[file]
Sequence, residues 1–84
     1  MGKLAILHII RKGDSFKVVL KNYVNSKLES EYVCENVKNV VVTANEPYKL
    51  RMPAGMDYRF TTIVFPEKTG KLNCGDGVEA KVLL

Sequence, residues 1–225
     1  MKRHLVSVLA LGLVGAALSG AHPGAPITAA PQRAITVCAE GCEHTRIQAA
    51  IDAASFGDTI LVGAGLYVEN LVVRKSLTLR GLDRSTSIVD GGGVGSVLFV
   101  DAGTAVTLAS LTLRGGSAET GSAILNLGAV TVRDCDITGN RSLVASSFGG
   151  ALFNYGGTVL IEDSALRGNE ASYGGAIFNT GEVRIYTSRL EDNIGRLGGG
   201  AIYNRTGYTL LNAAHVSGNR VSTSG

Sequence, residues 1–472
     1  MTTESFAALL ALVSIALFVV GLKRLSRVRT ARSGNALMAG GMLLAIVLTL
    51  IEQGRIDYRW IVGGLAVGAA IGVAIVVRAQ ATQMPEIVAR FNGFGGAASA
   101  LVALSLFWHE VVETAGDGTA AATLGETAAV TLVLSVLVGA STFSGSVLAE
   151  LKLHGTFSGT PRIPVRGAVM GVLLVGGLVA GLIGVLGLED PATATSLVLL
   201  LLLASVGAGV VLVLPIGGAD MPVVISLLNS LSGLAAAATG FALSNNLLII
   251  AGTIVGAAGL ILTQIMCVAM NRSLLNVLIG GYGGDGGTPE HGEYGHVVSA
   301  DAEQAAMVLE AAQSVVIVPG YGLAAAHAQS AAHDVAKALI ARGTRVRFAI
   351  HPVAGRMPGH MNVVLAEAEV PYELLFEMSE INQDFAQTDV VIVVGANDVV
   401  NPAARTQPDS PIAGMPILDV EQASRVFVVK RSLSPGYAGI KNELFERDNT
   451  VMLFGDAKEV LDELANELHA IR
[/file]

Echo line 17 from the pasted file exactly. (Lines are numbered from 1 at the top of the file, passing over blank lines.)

   301  DAEQAAMVLE AAQSVVIVPG YGLAAAHAQS AAHDVAKALI ARGTRVRFAI